• Mitchelburne Apprentice Boys of Derry Club
  • Mitchelburne Apprentice Boys of Derry Club
  • Mitchelburne Apprentice Boys of Derry Club
  • Mitchelburne Apprentice Boys of Derry Club
  • Mitchelburne Apprentice Boys of Derry Club
  • Mitchelburne Apprentice Boys of Derry Club
  • Mitchelburne Apprentice Boys of Derry Club
  • Mitchelburne Apprentice Boys of Derry Club



The year 2004 marks the revival of the Mitchelburne Club of the Apprentice Boys of Derry, an important occasion in itself, and an opportunity to reflect on a local association of men that is nearly three centuries old. Early records of the Mitchelburne Club are virtually non existence but it is generally accepted that the first group bearing the Mitchelburne name came onto the local Londonderry scene during the 1720s quite probably as a direct tribute to the recently deceased Col. Mitchelburne himself. In Mitchelburne’s biography (chapter one), credit is awarded to him for the formation of the first Apprentice Boys Club and the historian, Rev. John Graham, writing in 1823, claims that for many years after the Siege hero’s death, ‘a convivial association of tradesmen existed in Londonderry, who called themselves the Mitchelburne Club and made an annual visit to the hero’s tomb at Glendermott’. On July 18th 1775 an advertisement appeared in the Londonderry Journal, signed by Thomas Anderson, President, requesting all members of the Independent Mitchelburne Club as intend to celebrate the never to be forgotten day, the glorious First of August (OS) to meet at the house of Mr George Campbell of Bishop Street on Monday the 24th inst., ‘ at 7.00 p.m to determine a few particulars relating thereto’. The Independent Mitchelburne Club was possibly formed at this time because the following note was added to the advertisement, ‘Perhaps this infant title of Independent Mitchelburne Club may be unknown to many, but this suffice, it includes all those Sons of Liberty who formerly met and ‘ commemorated that blessed day’. (I.e. The Relief of Derry). ln 1775 the ’infant’ clubs included men who had obviously celebrated the Relief before. Three years later, June 12th 1778, another ‘Journal’ advertisement advised ‘the members of the Mitchelburne Company, in a military spirit, to call forth many patriotic gentlemen of this City to embody and perfect themselves in martial exercise and to meet for this purpose at 7.00 pm in the Mitre ` Bishop Street’, signed Robert Beggs, President. This period marked the formation of the Volunteer movement, a loyal and constitutional movement, and this company was obviously formed from the membership of the Mitchelburne Club.

The subject of this year’s celebrations was actually formed in 1845 ‘apparently it lapsed sometime between then and its revival in 1854, and has progressed continuously ever since. lt is possible that the first President of the revived club was local businessman and historian, John Hempton. In 1857 he is recorded as attending General Committee and he was President 1858-60. The club took a leading role in the Shutting the Gates celebrations on December 18th 1860. In the same year the Party Emblem Act had been passed, and on August 12th, Bishop Higgin prohibited the hoisting of the Crimson from the Cathedral steeple. The Apprentice Boys had defied this ban and the flag was raised. Tension was high in December when prevention of the firing of the guns (then a customary feature of the celebrations) was the main object of the authorities and a large force of police and army were drafted into the City for this purpose. There was a distinct lack of consensus among the Apprentice Boys about their best course of action; many believed that it was an appropriate time to test the legality of the statutory ban and John Hempton and his Mitchelburne men obviously agreed with them. Hempton and his men went to Pump Street (within the walls) where the guns were stored and took a six pounder out on the walls via London Street/ Bishop Street followed by a large crowd. Despite the best efforts of the magistrate and his men, the traditional seven rounds were fired and the Mitchelburne returned triumphant to Pump Street. The Mitchelburne appear to have been a controversial club. After the Apprentice Boys celebrated the marriage of the Prince of Wales in 1863, the club withdrew from General Committee feeling in necessary to point out that the local anniversaries should not be involved in ‘any political complications’.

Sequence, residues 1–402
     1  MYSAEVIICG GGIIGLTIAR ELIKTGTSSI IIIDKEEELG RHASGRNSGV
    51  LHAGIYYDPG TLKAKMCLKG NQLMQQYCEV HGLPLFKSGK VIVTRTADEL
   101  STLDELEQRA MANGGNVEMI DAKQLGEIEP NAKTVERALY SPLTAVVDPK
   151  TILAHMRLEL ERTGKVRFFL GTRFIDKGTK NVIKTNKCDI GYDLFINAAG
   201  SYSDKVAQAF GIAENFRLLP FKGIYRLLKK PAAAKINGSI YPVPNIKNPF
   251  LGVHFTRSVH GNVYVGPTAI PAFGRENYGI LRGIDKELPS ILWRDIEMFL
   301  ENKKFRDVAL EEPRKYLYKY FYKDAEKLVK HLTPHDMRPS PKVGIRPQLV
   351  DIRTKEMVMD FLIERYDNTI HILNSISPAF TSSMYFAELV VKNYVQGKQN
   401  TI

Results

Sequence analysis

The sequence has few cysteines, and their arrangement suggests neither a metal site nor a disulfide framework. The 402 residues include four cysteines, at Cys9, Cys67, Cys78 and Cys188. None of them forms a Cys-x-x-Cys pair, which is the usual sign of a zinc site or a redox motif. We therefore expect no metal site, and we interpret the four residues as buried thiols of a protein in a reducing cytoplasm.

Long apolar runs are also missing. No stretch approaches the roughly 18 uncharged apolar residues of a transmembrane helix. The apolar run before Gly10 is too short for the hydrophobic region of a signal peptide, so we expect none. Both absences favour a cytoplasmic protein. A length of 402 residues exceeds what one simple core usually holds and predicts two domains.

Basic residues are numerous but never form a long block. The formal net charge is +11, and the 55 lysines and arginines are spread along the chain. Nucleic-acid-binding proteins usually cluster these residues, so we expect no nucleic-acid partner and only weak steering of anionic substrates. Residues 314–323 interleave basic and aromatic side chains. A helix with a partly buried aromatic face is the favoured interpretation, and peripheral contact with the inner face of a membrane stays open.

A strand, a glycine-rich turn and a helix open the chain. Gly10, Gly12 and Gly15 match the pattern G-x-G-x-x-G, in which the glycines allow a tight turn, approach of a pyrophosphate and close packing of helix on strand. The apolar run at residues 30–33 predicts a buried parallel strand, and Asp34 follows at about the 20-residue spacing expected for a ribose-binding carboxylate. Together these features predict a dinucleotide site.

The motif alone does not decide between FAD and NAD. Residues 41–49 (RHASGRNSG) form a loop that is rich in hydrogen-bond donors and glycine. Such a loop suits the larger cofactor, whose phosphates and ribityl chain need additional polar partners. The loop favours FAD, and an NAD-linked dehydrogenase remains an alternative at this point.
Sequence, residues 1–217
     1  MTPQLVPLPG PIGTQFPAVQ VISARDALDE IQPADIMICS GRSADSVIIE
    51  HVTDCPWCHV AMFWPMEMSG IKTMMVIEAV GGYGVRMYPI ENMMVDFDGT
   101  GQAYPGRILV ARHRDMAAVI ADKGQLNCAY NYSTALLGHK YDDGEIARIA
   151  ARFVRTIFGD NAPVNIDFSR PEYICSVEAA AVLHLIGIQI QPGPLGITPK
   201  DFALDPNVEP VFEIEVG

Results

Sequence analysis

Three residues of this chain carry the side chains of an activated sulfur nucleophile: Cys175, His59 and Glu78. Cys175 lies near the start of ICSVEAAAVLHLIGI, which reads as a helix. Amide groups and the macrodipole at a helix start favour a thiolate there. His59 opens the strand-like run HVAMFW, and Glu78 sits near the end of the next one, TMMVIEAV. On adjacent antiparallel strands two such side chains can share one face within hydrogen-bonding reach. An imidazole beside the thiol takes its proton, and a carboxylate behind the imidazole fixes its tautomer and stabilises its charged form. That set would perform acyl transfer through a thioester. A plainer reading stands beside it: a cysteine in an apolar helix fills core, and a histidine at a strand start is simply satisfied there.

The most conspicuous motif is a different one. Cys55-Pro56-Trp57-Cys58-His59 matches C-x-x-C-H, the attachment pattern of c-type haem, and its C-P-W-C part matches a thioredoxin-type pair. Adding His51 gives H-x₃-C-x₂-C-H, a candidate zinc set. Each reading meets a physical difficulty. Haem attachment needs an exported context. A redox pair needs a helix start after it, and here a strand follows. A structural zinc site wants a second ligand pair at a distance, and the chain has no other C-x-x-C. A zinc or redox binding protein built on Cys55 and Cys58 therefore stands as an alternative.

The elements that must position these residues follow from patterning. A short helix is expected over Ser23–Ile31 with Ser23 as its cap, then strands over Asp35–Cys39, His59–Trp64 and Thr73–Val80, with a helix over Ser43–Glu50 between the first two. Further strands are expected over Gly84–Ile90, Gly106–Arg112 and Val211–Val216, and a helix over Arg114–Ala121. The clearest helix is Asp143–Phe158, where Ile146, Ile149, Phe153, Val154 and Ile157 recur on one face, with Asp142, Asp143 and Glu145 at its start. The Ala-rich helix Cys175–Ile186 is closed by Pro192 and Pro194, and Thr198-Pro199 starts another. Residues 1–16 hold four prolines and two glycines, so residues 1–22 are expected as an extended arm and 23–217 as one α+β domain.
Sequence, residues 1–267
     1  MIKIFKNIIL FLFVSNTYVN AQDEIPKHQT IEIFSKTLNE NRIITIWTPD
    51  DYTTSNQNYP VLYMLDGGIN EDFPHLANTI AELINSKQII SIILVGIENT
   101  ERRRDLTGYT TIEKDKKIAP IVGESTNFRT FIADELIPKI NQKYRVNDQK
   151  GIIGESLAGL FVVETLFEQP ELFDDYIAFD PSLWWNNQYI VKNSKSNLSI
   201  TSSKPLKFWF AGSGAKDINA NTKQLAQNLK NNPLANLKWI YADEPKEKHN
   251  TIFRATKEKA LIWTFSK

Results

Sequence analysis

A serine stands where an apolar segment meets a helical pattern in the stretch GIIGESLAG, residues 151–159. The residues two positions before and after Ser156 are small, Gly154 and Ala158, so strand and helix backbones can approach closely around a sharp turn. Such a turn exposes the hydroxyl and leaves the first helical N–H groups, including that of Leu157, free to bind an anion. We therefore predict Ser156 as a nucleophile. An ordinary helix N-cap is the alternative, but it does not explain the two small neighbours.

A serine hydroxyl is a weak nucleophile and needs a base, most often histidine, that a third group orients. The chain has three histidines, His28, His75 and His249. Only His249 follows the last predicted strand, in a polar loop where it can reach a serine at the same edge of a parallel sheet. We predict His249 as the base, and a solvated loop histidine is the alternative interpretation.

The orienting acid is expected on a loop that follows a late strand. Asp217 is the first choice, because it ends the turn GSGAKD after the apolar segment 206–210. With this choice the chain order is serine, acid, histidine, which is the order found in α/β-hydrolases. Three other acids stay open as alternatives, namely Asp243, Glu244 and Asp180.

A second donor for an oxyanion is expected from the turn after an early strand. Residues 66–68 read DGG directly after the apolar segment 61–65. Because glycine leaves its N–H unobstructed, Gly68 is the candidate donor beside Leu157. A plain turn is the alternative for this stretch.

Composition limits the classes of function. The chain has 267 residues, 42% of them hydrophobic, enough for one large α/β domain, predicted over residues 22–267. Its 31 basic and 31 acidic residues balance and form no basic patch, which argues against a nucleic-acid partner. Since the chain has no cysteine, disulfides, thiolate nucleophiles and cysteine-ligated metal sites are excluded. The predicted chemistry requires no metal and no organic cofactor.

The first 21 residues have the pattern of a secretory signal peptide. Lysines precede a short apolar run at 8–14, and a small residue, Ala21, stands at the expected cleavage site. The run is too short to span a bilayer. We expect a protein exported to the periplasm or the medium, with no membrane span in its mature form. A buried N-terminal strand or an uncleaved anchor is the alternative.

The Mitchelburne also disclaimed the practice of affiliating members from other parts of the country and overseas. This information is established from a little pamphlet by Francis J. Porter, ‘Be in Earnest’, ‘A sermon delivered before the Mitchelburne Club on August 12th 1863.

Anniversary of the Relief of Londonderry, with an appendix, historical epitome, rules, etc. of the Mitchelburne Club’. (Printed in Londonderry in 1863) One year later, 1864, the Committee of the First Presbyterian Congregation refused the Mitchelburne Club use of their meeting- house because they objected to party colours and flags. The club appears to have settled down thereafter, following the pattern outlined in the Chronology of the Apprentice Boys (chapter 2). Nothing, however, can be taken for granted, John Hempton fell out of favour with his brethren and was either expelled or resigned from the club.